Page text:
EU support for the Sahel

 

Definitions of Sahel countries differ and often include countries that border the Sahel or have Sahel-like conditions. The Sahel ‘proper’ stretches all the way from Senegal on the Atlantic coast in the west through The Gambia, Mauritania, Guinea, Mali, Burkina Faso, Cameroon, Niger, Chad and Sudan, to Eritrea on the Red Sea in the East. Since 2009, the EU GCCA+ has delivered  EUR 80.81 million to 13 national projects in 8 of these countries. Building adaptive capacity and climate resilience lies at the heart of most projects along with actions to mainstream climate action in national planning, policies and budgets. Actions focus on agriculture, land management and forestry, natural resource management, coastal zone management and fisheries.

Senegal

 

In addition to these national projects, the EU GCCA+ has supported two phases of LoCAL, a multi-country local adaptation financing initiative that encourages private-sector-focused performance-based financing, including in Mali and Niger. In 2019, Cameroon joined the ranks of EU GCCA+ partners through another multi-country initiative supporting sustainable agri-food systems. Of the Sahel countries, only Eritrea does not host a GCCA+ programme.

EU GCCA+ programmes have undergone significant evaluation to extract best practices. However, as the most recent Global Evaluation in 2014 highlighted, many of the projects were only just coming to fruition then, making a proper assessment of their results and impacts an impossible task. 
In 2018, the GCCA+ Support Facility began an Impact and Sustainability Study of 21 EU GCCA projects that had been closed for at least one year, including three in the Sahel region. Although sustainability and impact levels varied across the 21 projects, key factors for success did emerge and have universal application:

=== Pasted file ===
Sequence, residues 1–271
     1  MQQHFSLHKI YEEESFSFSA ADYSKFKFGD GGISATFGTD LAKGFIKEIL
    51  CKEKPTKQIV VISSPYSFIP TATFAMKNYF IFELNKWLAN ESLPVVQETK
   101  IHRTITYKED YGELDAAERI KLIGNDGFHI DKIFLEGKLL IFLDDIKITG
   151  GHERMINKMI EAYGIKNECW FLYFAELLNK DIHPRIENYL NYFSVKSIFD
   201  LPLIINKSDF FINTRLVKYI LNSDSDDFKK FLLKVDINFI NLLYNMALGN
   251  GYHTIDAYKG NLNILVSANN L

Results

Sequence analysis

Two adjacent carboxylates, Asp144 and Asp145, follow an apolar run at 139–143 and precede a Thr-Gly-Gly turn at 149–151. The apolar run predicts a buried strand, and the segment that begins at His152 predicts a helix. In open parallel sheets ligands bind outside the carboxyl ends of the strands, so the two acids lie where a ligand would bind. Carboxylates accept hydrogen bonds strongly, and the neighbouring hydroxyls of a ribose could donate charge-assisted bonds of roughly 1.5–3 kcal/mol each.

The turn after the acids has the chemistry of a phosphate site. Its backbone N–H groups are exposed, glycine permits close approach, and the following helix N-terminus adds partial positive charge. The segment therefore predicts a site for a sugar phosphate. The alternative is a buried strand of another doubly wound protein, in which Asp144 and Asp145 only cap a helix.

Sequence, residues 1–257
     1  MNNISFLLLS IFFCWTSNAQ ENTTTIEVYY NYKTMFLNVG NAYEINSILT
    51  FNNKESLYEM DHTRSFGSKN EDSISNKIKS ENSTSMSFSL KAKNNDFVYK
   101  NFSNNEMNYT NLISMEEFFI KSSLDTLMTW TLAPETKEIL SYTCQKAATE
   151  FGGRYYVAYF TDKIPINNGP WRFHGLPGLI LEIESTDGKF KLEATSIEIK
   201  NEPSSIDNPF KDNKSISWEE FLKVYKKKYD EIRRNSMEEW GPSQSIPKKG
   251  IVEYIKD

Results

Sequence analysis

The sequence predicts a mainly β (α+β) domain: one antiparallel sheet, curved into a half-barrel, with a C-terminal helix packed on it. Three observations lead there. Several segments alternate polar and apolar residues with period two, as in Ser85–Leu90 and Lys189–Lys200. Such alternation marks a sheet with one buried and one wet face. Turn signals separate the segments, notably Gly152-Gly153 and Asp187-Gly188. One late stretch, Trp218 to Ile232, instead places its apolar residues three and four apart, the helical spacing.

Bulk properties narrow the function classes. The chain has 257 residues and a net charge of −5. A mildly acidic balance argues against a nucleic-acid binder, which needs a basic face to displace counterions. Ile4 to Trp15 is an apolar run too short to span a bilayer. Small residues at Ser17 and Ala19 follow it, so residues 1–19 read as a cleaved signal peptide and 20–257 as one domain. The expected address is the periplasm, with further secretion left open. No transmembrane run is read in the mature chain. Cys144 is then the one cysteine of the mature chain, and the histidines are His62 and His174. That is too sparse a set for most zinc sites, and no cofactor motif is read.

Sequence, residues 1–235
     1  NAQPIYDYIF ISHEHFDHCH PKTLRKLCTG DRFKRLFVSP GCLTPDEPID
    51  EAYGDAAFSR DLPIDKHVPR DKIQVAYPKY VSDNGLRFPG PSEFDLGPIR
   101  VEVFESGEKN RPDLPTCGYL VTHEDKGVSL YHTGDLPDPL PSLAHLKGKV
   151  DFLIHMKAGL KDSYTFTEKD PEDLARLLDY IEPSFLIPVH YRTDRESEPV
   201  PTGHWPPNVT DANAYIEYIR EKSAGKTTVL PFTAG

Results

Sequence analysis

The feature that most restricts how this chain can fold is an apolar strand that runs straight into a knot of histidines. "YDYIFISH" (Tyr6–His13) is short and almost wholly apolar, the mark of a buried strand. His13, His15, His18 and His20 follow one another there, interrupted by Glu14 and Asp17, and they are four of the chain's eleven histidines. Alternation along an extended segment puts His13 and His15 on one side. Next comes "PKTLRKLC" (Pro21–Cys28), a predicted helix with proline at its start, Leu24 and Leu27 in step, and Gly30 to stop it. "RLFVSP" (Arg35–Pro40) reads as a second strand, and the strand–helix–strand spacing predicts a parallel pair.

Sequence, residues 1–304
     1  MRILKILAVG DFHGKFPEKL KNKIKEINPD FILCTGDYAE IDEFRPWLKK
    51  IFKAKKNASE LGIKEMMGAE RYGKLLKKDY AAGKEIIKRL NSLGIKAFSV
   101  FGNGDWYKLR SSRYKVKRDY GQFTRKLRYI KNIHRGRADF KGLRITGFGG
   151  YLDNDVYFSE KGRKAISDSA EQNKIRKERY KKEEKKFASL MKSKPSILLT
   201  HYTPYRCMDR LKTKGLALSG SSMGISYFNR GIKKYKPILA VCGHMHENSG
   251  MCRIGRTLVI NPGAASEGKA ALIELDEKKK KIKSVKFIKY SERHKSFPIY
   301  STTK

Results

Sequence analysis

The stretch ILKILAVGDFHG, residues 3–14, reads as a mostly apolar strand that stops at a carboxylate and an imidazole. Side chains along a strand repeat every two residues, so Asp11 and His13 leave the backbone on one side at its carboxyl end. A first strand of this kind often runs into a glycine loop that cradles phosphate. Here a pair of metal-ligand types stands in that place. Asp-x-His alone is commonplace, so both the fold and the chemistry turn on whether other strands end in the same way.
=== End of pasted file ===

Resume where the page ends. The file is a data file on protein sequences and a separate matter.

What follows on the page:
• Building strong ownership and commitment from stakeholders by using participatory approaches, tailoring objectives to address beneficiaries’ key priorities, combining short-term and long-term benefits, and understanding the social and cultural context of actions;
  • Aligning and integrating actions with existing government policies and programmes;
  • Working with the right implementing agencies – ideally, with strong government institutions. If these do not exist, working with partners who know the country context and have a long-term presence is essential:
  • Combining higher-level policy/institutional work with field-level pilot projects and working to ensure that field-level lessons feed back into policy work;
  • High-quality intervention requires thorough research and analysis before work commences, including vulnerability assessments, value-chain analysis, and analysing appropriate technology options; 
  • Strong knowledge management and learning processes support buy-in and knowledge, including visits between communities, toolkits, and high-quality communication material;
  • Support for legal frameworks encourages long-term implementation.

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